“Thompson met with all Fellows for a couple of hours, offering one-sentence responses to questions, followed by a swig or sniff; he had a few bites of food at a closed dinner with the Fellows and a few faculty members and mumbled responses to questions put to him. Thompson’s University-wide lecture was a disaster. He went on stage with another bottle of Wild Turkey and the canister of nitrous oxide, alternating between swigging and sniffing. The students were not amused. The ‘lecture’ ended after about 30 minutes.”

“Afterwards Thompson was in a mood to continue drinking so I took him to Ricardo’s, the journalists bar in Chicago where I had previously spent significant amounts of time with other journos rehashing the events of the day….

“But there we were at the bar — Hunter Thompson and me — and I thought it was time to ask about “Fear and Loathing in Las Vegas,” a copy of which I had in my hand. For some reason he switched to a very serious mood, shaking his head, dismayed that his readers, including other journalists, haven’t figured out that there was no way in hell that he or anyone else, could write a book like that while indulging in huge quantities of alcohol and narcotics. They just don’t get it, he complained, it’s a put-on. We drank for a while and talked about nothing in particular. Before we parted I asked him to inscribe his book and this is what he wrote: ‘I. O. U nine Ballantine ales — send the bill to Random House. HST Chicago’s Ricardo’s 8/4/72.’”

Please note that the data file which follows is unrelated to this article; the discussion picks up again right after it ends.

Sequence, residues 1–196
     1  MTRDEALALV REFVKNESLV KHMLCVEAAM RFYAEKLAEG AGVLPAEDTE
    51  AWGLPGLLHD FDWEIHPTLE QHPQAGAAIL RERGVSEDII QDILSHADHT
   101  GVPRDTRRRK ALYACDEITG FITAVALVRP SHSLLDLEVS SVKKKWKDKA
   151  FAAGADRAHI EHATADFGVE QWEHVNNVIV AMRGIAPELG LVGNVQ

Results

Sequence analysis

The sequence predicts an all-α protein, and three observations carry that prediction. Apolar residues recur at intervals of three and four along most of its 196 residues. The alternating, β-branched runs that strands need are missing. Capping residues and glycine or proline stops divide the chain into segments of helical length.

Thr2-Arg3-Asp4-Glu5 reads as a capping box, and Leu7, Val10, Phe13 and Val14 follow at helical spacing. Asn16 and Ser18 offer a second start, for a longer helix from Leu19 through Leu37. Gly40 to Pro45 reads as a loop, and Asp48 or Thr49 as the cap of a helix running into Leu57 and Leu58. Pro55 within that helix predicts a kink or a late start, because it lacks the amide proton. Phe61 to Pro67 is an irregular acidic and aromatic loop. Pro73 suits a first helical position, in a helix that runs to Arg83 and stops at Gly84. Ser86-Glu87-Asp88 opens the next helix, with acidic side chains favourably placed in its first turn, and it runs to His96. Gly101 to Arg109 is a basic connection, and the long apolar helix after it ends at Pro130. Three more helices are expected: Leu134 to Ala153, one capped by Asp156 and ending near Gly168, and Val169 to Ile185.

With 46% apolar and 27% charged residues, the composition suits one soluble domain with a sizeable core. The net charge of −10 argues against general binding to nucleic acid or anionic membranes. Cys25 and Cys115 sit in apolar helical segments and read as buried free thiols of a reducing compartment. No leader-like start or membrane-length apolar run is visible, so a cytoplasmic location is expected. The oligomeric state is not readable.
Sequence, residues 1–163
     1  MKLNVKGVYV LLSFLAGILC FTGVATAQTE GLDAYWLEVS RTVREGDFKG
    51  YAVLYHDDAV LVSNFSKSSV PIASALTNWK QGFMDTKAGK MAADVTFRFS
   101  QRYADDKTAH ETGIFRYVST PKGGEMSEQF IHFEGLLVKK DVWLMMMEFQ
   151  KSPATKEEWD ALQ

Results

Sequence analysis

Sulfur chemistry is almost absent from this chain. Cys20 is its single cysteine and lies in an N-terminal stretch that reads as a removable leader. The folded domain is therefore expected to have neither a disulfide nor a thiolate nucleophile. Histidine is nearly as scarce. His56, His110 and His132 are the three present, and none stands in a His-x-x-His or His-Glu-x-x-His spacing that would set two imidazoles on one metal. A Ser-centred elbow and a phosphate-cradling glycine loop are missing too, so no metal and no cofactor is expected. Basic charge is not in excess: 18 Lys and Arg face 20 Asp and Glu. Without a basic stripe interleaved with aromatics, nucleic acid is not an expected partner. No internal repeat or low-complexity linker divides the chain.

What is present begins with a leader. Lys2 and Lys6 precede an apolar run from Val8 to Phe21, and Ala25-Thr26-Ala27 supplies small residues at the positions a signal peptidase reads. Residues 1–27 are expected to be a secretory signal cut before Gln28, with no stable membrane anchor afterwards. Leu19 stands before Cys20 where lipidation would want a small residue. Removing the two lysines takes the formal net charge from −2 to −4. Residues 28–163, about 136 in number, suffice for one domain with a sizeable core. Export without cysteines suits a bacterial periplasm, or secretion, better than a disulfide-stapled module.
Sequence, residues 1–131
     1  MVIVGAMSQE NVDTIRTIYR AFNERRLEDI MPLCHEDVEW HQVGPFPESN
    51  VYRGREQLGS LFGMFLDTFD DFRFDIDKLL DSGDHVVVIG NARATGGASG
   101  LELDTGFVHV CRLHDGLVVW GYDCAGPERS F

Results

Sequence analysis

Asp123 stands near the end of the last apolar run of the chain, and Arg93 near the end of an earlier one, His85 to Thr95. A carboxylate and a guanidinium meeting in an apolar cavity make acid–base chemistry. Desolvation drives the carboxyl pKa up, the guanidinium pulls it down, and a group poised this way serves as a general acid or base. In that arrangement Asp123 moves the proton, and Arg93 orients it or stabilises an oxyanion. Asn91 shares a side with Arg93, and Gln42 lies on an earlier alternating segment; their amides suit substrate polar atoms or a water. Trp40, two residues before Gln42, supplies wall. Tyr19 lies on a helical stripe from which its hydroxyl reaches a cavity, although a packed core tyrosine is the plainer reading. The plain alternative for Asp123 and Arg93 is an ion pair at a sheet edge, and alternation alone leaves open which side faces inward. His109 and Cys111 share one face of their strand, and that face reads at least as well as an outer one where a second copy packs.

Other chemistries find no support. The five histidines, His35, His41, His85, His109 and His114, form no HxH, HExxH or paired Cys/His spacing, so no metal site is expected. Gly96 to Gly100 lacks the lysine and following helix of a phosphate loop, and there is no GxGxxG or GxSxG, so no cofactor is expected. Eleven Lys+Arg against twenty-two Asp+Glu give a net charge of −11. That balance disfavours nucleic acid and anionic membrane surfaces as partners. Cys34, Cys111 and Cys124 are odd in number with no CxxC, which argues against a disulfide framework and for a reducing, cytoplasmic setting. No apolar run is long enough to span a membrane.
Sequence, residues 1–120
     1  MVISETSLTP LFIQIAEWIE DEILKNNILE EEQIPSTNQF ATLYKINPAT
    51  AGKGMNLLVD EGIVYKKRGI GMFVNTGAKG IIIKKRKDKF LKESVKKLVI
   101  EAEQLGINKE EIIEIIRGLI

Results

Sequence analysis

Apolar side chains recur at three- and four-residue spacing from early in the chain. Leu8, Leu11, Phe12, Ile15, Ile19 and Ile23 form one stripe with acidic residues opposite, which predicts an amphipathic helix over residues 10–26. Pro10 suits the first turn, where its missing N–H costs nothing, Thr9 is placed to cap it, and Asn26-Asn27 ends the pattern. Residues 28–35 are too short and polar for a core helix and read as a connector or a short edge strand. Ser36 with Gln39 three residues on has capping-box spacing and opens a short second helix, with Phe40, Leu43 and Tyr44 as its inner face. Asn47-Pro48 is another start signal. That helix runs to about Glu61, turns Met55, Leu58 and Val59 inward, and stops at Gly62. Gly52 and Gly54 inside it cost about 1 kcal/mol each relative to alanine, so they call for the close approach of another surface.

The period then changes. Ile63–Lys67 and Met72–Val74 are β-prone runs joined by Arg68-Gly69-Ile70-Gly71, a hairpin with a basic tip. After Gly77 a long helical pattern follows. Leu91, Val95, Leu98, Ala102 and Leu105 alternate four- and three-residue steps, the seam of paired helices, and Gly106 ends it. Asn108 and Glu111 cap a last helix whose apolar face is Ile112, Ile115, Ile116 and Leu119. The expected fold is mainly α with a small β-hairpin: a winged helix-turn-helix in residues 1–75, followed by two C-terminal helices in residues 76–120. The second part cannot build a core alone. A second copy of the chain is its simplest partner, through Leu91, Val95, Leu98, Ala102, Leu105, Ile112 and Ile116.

My own stories about Hunter S. Thompson are much more humble. I had been aware of his work since high school. “Fear and Loathing in Las Vegas” was a book that the stoner kids I knew passed around with a laugh, all of them assuming incorrectly that they were in on the joke.

But in 1991, about the time that Operation Desert Storm was still running very hot and very heavy, I was a student at the University of Oregon. And Hunter S. Thompson was on his way to deliver one of his infamous college lectures at the downtown Hilton in Eugene.

It was to the uninitiated, which at this point I still was, an organizational mess. Thompson was late as always, by something like an hour. One of the program’s organizers said Thompson was had been last seen drinking at the hotel bar, but then disappeared, and was nowhere to be found. Ken Kesey (1935-2001) and Ken Babbs took the stage to try and keep the crowd sated for a few minutes by telling allegedly funny Hunter stories. It didn’t work. Some worthless pain in the ass stood up and screamed that he had paid to see Hunter, and not Kesey, who was at the time a somewhat overexposed local celebrity. Kesey was offended. “Somebody give that guy $20 and get him the hell out of here.” Kesey then reached for his own wallet, pulled out a twenty and handed it to him. The jerk stormed out holding the bill up high over his head like it was captured booty.